Is addiction a deeper form of distraction or a desperate escape from it? What the video game Dota 2 can teach us
DEPRESSION and addiction are hard to distinguish when they happen simultaneously; they seem to overlap and reinforce each other, becoming an endless cycle. I know I’d be less depressed if I stopped playing Dota 2, but I don’t know how I’ll find the willpower to stop playing Dota 2 as long as I’m this depressed.
My depression didn’t start when I downloaded the game. And 500 hours of play later—an amount that might seem absurd to the uninitiated but which marks me as a novice in the Dota 2 “community”—I know it won’t disappear when I stop playing. Nevertheless, these days Dota feels like the specific block to my ability to live a happy life. It’s also the only thing I want to do. Even as I type these sentences I realize that my body is tilting left, literally straining toward the computer in the other room on which I play.
User reviews of Dota 2 on the Steam marketplace, where one gets the game, show my experience to be typical. Rather than rate the game from, say, one to ten, Steam has reviewers choose to either recommend (thumbs up) or not recommend (thumbs down) a game as part of their review. The reviews also automatically and handily include the number of hours the user has played. Phux, with 2,734 hours in Dota 2, gives it the thumbs up with a four-word review: “Regrets, so many regrets.” Inkubeytor, with 4,412 hours in game, does not recommend it, writing only “Suffering.” A user named “happy new year” (7,885 hours) recommended Dota 2 on July 27 with “HELP ME,” while Fierce (1,550 hours) does not recommend it: “PLEASE GIVE ME MY LIFE BACK.” About two thirds of Dota’s reviews in the marketplace are in this vein, if not all so pithy.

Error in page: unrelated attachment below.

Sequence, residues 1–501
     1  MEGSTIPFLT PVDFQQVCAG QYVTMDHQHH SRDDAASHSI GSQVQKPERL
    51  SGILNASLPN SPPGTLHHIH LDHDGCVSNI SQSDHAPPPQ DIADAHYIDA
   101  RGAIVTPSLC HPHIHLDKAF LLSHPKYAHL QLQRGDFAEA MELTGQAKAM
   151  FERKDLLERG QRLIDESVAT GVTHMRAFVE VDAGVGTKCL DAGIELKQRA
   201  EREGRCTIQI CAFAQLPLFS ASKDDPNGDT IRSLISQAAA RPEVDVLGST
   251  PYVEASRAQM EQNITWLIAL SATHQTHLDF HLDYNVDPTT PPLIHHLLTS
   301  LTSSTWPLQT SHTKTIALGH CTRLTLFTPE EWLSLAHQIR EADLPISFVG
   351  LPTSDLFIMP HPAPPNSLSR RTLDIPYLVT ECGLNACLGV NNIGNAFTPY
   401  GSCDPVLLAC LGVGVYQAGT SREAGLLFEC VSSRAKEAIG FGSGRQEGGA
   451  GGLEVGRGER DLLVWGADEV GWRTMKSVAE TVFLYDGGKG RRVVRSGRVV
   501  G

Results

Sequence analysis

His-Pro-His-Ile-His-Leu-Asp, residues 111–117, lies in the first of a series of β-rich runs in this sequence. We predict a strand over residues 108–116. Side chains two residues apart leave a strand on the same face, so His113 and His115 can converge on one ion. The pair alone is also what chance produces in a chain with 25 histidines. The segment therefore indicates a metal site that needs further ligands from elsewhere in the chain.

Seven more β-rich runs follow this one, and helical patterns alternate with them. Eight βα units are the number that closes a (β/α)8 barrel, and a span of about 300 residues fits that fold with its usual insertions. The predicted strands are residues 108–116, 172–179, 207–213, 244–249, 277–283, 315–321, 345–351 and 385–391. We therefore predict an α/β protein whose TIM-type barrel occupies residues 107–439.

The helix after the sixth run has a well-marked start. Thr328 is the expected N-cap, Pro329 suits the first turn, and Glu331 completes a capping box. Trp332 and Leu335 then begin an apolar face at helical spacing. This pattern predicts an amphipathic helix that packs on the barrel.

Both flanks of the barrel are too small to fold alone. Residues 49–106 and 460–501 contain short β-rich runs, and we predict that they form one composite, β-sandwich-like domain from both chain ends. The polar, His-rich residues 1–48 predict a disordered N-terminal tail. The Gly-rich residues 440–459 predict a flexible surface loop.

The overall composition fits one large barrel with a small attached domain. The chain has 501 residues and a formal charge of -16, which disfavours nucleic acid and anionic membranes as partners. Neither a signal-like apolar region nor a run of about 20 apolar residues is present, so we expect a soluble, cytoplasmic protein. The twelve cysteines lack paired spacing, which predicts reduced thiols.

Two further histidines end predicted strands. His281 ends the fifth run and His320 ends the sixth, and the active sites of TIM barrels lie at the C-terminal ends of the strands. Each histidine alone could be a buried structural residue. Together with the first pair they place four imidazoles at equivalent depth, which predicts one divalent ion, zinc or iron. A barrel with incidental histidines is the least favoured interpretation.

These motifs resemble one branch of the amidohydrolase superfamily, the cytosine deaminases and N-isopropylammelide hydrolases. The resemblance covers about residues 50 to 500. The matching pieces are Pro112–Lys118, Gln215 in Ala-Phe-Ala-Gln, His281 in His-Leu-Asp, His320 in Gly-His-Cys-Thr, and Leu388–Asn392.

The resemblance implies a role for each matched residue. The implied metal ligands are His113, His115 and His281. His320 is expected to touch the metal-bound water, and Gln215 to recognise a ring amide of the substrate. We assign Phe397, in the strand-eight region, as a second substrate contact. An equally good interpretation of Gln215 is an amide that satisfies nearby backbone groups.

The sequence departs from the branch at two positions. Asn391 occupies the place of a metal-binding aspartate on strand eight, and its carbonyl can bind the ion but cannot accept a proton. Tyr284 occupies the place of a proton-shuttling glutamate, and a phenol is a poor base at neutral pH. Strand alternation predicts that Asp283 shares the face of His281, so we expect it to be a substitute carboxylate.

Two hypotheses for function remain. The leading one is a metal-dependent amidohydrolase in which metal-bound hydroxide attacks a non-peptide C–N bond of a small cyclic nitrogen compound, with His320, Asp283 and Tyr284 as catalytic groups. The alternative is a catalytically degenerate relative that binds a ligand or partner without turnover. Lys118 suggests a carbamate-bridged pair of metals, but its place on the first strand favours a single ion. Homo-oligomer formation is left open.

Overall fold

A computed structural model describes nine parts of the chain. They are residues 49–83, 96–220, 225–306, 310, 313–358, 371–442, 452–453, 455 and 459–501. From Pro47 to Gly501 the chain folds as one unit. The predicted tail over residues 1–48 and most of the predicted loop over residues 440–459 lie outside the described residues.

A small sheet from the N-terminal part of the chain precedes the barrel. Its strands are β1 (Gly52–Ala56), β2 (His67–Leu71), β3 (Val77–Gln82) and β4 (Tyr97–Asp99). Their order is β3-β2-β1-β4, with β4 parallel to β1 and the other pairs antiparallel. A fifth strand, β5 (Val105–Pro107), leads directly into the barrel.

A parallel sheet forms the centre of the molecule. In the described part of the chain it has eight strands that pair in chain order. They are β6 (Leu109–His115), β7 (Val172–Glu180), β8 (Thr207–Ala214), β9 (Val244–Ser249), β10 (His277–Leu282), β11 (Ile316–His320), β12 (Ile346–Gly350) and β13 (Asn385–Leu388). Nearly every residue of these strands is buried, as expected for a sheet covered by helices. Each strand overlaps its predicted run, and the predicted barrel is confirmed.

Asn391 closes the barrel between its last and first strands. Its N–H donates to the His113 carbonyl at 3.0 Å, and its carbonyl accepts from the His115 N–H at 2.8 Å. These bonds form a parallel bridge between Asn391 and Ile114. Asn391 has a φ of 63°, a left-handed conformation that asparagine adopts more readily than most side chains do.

Though Dota 2 is entirely built around multiplayer engagement and teamwork, the first genuine feeling of social togetherness and empathy I ever got from the game was when I read these reviews/cries for help. I also only read these reviews because I was stuck in the Steam marketplace waiting for Dota 2 to redownload, after I had uninstalled it 20 hours earlier in a hopeless attempt to be free.
FOR those blissfully unaware, Dota 2 is a multiplayer online battle arena (MOBA), which is a strategy-game subgenre somewhere between MMORPGs (massively multiplayer online role-playing games like World of Warcraft) and RTS (real-time strategy games such as Starcraft II). MOBAs take multiplayer gameplay, vast player populations, and RPG-style leveling up from MMORPGs and join them with the resource management and direct head-to head competition of an RTS. Though Dota 2 is not the most popular MOBA—that would be League of Legends, with a monthly player base of 67 million, or 1% of the world’s population—it still boasts 12 million unique players a month. It is also one of the most important games in making e-sports big business: Dota 2 has the best-funded tournament in professional video gaming, and its most recent annual championship, the 2015 International, featured a prize pool of over $16 million.
Each game of Dota lasts, on average, around 40 minutes and comprises 10 players total, five on each side, who attempt to storm the other team’s base and destroy their central structure, called the Ancient (hence Dota: Defense of the Ancients). Every player controls a separate “hero” chosen from a field of 111 available heroes, all with different strengths, weaknesses, and tactics, different strategic modes and peak power timings. Each of these factors is also influenced, combined with, or countered by those of other heroes, both those on your team and the opponents’. Just choosing heroes, which you do simultaneously with the opposing team, is a huge component of the game and determines both your win conditions and how each player will try to play.